By L. Anne Newell
Arizona Daily Wildcat August 28, 1997
Pacheco refuses to resign from ASARCO
Former UA President Manuel Pacheco angered environmentalists earlier this month by refusing to resign from his board position with a mining company that has been fined for numerous environmental violations in Arizona and Missouri.
New York based ASARCO is a worldwide metal producer that operates two lead mines and a smelting operation in Missouri, and silver and copper mines in Arizona.
Pacheco attended his first board meeting July 30.
The following week, the Sierra Club asked Pacheco to step down from his $2,100 a month position on the 12-member board, said Rich Genser, chairman of the Southern Arizona chapter of the Sierra Club.
However, other groups, like Save the Scenic Santa Ritas, believe Pacheco can be an interior supporter of environmental regulation, said Randy Serraglio, campaign coordinator for the group.
Pacheco has also taken this stand on this issue.
Dave Lendt, director of university relations for the University of Missouri, where Pacheco is president, said Pacheco believes it is more constructive to work for change from within the company than from the outside.
"Environmental groups should consider him an ally," Lendt said.
ASARCO's environmental record includes last year's $1.7 million penalty for polluting Missouri's Black River, according to Genser, and current litigation against Pima County, which calls for the county to lower its air quality regulations. Pima County is stricter with its air quality regulations than the federal government and ASARCO's directors say they should only have to comply with the federal regulations, Serraglio said.
In addition to these violations, Bill Moeller, chair of the education committee for Save the Scenic Santa Ritas and a member of its board of directors, said ASARCO is the worst polluter in Pima County and the state of Arizona. Moeller based his statements on dust polls done in the Green Valley Mines and the EPA's Toxic Release Inventory of the Hayden smelter.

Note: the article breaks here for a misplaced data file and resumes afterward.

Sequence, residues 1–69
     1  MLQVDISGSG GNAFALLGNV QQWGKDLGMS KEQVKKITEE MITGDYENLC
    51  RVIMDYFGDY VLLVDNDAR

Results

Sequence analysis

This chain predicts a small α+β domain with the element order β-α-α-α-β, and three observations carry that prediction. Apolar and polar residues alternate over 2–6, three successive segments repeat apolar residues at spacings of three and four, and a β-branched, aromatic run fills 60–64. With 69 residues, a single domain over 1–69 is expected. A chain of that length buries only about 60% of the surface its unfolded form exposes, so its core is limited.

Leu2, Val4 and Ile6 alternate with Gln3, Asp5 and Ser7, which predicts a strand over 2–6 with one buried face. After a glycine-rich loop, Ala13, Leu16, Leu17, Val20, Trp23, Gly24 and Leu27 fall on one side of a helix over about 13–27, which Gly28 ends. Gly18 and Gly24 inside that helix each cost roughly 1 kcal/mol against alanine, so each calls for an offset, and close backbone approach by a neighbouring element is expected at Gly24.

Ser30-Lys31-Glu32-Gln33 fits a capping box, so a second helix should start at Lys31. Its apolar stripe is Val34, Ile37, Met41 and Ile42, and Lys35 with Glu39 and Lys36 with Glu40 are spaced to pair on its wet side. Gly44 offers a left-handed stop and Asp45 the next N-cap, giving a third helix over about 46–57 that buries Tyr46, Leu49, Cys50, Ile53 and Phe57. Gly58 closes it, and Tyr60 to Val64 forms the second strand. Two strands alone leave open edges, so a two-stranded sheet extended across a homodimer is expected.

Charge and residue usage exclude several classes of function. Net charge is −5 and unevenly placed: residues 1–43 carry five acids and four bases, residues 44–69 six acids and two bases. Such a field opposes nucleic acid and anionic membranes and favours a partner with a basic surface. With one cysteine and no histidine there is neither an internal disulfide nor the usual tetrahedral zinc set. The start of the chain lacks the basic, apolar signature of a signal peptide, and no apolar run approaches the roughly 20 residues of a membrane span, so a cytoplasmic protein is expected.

"Everywhere ASARCO goes, they run into trouble. They have a very messy environmental record," Serraglio said. "Yet we feel there's no reason to attack Mr. Pacheco yet. We're hoping to inspire his civic responsibility."
Genser, reiterating the stance of Save the Scenic Santa Ritas, said, "We have no negative feelings toward Pacheco."
While he may become a voice for reform, he has made no public announcement to this effect, he said.
"I would like to see all the members of the board resign, quite honestly," he said, "But I don't foresee that happening. It goes against their financial interests."
"We just hope Pacheco has a place in his heart for Southern Arizona and will work with the board for these interests, not the interests of the stockholders," he said.
ASARCO has issued a statement that they are honored to have Pacheco as a member of the board of directors.
"We believe he will provide a valuable perspective from his years in academia on matters of importance to the company, including environmental issues," said Jerry Cooper, director of corporate communications.
"We are surprised the Sierra Club took this position. They've been very critical," Cooper said.
In addition, ASARCO now states it is in compliance with Missouri guidelines on pollution.
Darrell Himmesoete, general manager of the Missouri Lead Division of ASARCO, told the St. Louis Post-Dispatch on Aug. 23 that ASARCO has achieved compliance after spending $22.5 million on improvements, which "many thought were impossible to achieve."
"We think ASARCO should be applauded ƒ for the commitment we have made to improving the environment and to preserving jobs in Missouri," Himmesoete said.
Lendt said, "He [Pacheco] is very proud of his environmental record and resents being treated as an anti-environmentalist."
"No one is prepared to call ASARCO's record pristine, but their standards certainly are improving," he said.